Safety planning should be undertaken:
- Where any level of risk is present, noting that the safety plan will differ depending on the level of risk identified.
- In collaboration with the adult victim survivor, including in the development, implementation and monitoring of the plan. It may be appropriate to work with a young person to develop their own personal safety plan.
- With the adult victim survivor to develop separate safety plans for each child or young person (if not being done separately), and to reflect these plans in the adult victim survivor’s plan, if appropriate.
All risk management must involve safety planning, and it’s key that the victim survivor participates in and understands this process.
Safety planning must occur whenever family violence risk is identified and assessed and should be updated whenever there are changes or escalation in family violence.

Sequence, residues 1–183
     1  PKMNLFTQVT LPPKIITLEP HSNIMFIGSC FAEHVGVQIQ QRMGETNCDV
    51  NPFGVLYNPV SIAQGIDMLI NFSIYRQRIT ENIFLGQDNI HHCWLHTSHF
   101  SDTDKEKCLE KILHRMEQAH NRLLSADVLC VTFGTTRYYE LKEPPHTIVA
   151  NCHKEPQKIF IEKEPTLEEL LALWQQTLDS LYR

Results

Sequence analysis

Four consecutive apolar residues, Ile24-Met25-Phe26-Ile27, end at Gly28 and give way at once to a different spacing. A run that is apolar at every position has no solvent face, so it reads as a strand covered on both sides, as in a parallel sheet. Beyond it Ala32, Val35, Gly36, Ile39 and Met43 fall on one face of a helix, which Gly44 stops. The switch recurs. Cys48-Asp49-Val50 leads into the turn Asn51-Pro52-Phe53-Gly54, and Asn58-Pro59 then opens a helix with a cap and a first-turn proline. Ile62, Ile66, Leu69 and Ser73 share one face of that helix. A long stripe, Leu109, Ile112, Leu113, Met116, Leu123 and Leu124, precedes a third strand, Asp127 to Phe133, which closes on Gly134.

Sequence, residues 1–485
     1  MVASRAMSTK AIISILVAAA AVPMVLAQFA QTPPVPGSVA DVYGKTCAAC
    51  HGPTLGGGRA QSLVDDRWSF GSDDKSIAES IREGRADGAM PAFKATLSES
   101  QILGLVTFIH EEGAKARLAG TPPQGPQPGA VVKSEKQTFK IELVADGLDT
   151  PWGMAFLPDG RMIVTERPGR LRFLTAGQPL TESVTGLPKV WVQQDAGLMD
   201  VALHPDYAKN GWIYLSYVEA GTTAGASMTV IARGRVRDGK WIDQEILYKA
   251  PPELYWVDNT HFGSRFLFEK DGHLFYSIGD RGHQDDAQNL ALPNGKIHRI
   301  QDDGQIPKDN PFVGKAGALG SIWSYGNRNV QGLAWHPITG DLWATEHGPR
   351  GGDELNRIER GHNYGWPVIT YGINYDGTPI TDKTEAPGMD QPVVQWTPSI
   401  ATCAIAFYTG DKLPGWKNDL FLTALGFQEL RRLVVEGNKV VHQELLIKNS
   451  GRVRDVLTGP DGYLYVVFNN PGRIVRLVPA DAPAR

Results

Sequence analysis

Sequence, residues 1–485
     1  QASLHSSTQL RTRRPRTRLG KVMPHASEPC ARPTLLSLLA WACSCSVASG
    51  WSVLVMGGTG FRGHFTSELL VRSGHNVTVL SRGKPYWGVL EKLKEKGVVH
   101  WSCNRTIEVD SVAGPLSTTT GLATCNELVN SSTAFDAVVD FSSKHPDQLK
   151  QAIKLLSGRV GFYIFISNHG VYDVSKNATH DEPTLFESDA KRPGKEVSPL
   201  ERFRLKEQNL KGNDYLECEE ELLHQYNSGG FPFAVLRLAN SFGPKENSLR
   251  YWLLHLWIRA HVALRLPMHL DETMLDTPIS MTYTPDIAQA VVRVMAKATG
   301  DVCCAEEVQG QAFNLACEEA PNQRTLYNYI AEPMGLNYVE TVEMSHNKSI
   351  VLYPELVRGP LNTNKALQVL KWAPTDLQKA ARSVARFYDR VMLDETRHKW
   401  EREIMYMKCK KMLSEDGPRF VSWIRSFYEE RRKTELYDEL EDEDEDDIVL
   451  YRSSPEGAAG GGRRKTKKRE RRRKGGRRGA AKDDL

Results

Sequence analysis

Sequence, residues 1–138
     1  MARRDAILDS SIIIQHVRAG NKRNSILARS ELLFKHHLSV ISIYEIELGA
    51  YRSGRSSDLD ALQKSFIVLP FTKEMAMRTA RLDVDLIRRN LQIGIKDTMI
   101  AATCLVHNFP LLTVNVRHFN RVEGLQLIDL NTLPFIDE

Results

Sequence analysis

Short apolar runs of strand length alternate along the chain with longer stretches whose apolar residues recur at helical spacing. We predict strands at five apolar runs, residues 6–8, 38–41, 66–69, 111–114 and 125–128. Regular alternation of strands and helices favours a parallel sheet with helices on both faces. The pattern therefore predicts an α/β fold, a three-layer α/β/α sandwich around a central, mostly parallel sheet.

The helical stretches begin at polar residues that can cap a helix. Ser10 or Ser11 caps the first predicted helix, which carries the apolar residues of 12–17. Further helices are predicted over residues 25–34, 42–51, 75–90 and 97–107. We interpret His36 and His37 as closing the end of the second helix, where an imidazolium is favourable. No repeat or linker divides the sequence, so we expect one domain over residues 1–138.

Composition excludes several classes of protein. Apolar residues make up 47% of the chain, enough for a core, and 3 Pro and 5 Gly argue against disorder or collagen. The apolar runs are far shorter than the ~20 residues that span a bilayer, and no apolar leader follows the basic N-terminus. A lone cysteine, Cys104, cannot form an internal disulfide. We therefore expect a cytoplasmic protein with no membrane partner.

Ensure safety plans reflect risks and management responses of each family member so that each family member’s plan supports safety requirements for each individual as well as the family unit.
You also need to ask what constraints/circumstances may impact the victim survivor’s capacity to implement a safety plan.
The safety plan must be documented and should be regularly updated to reflect changes in circumstances and risk levels. Any referrals made, or secondary consultations undertaken as part of risk management should be incorporated and documented as part of safety planning. For more information, see Responsibility 5 of the MARAM Framework: Practice Guides